The Central Bank of Russia and the Ministry of Finance clash over stablecoins

A representative of the Central Bank of Russia (CBR) said that private stablecoins are fraught with risk because the underlying asset pool “does not belong to the owner”. In turn, this potentially means that face value redemptions are not guaranteed.

“Furthermore, repayment at face value of collateral assets is not guaranteed and, in fact, the price of the stablecoin is not stable.”

The comments contradict an earlier statement by Finance Ministry chief Ivan Chebeskov, who expressed doubts about cryptocurrencies, in general, during a recent roundtable on the impact of Web3. But whatever the concerns, Chebeskov was open to the idea of ​​a Russian-backed stablecoin.

Russian-backed stablecoin

Chebeskov said stablecoins could be used as a “tool” to reduce costs and other frictions associated with doing business. He added that the ministry will “always support” a government-backed stablecoin if the risks are low.

He said a product could be underwritten with a physical asset, such as ruble, gold, oil or grain.

“If there is a need for companies, companies or investors to set up, to invest in a new way, if they need such a tool, because it reduces costs, works better than previous tools, and if the risks associated with it can be limited, we will always support such initiatives.

Despite Chebeskov’s openness to the idea, the unnamed CBR representative maintained that the ruble was the only legal tender in Russia. However, a potential compromise lies in the development of a ruble-backed stablecoin, which could combine the advantages of stablecoins with the “reliability” of the ruble.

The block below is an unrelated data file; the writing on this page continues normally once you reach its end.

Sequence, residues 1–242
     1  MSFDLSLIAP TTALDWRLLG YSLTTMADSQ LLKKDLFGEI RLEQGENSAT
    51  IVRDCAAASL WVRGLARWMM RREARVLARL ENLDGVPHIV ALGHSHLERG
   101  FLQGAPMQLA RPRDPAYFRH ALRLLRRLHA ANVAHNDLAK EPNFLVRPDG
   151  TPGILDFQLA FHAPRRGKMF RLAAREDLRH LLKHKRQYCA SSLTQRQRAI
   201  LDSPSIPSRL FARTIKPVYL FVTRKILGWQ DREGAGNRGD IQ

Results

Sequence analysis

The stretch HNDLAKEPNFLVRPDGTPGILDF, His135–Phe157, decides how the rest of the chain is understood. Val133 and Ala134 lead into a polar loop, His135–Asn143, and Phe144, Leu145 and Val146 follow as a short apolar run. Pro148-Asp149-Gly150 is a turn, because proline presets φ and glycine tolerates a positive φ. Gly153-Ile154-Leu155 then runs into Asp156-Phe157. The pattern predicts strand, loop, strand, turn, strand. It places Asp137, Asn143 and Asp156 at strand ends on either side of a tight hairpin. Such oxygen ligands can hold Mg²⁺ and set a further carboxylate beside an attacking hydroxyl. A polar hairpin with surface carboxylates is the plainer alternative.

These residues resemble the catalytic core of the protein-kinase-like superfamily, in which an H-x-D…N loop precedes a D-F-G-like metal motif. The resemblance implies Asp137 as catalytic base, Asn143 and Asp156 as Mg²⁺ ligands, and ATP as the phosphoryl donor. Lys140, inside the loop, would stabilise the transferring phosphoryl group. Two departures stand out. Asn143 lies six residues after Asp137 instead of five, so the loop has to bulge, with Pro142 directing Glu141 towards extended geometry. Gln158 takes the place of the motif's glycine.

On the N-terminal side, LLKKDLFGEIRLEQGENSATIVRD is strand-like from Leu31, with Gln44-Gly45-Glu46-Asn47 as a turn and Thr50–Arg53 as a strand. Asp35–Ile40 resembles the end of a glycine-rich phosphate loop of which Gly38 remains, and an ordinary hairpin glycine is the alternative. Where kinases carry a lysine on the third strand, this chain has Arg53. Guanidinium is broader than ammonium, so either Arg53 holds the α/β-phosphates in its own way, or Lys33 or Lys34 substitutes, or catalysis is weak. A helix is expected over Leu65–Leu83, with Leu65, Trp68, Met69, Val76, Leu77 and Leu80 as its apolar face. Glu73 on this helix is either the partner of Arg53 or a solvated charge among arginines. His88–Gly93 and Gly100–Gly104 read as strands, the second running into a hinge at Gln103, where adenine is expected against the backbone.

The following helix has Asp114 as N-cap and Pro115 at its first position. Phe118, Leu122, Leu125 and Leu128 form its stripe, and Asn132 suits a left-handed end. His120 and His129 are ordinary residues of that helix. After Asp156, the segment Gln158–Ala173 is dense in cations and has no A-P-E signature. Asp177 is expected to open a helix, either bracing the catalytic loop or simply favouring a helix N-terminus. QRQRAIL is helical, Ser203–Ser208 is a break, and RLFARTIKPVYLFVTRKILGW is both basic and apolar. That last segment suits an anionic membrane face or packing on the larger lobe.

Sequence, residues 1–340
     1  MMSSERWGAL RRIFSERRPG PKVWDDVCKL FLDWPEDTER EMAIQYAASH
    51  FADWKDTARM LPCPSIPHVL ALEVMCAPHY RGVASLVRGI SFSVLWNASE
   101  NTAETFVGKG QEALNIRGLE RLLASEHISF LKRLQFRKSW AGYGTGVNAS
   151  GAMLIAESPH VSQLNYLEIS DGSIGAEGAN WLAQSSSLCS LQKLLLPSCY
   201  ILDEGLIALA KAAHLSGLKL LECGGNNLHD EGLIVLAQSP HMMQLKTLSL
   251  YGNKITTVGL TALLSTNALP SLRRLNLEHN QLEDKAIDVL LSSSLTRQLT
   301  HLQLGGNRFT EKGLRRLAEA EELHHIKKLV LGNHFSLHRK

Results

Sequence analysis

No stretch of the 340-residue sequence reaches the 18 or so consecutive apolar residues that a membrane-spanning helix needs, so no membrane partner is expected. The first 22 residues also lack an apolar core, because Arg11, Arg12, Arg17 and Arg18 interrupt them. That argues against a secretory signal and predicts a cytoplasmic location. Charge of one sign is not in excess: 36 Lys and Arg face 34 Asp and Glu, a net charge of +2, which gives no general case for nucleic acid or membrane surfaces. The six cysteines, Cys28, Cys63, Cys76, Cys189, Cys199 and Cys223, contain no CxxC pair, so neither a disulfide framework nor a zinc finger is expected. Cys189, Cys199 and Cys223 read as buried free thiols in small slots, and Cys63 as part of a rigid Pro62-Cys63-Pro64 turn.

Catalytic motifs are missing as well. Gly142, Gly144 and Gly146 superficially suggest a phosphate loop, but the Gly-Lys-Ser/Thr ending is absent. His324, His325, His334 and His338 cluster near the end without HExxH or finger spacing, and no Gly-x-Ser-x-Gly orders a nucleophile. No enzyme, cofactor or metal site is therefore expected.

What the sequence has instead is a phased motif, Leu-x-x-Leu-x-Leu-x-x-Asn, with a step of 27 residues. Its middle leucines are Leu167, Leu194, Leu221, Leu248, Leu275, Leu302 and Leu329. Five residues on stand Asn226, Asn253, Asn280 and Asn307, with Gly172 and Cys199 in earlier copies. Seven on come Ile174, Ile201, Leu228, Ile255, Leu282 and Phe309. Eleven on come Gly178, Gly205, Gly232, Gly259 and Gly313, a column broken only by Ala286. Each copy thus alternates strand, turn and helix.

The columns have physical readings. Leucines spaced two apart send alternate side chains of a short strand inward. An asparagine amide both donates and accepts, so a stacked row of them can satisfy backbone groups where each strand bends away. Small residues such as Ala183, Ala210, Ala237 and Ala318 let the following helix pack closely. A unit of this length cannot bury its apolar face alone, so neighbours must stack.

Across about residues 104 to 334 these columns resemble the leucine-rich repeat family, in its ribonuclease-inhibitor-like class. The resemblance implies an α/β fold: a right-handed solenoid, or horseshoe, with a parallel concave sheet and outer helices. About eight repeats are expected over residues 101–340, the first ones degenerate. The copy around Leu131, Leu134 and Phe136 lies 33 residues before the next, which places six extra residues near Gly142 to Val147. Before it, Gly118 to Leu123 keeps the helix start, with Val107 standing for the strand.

Combining all the advantages of a digital means of payment and the reliability of a fully-fledged currency.”

Russia turns to crypto amid biting sanctions

Since the outbreak of the conflict in Eastern Europe, Russia has reversed its previous anti-crypto stance, which at one point seemed to be heading towards an outright ban.

Observers attributed the reversal to the sanctions, which isolated the country from international trade.

Consequently, Russia has become increasingly open to cryptocurrencies, such as opening discussions on their legalization as a means of payment.

The Ministry of Finance On digital currencies The bill aims to create a legal framework for cryptocurrencies, in particular by establishing rules on the circulation and registration of exchanges.

However, according to the Russian-language newspaper Vedomosti, the latest draft allows individuals to use crypto as a means of payment only for foreign trade, while its domestic use (as a means of payment for goods and services) will be prohibited. .

Posted in: Russia, Stablecoins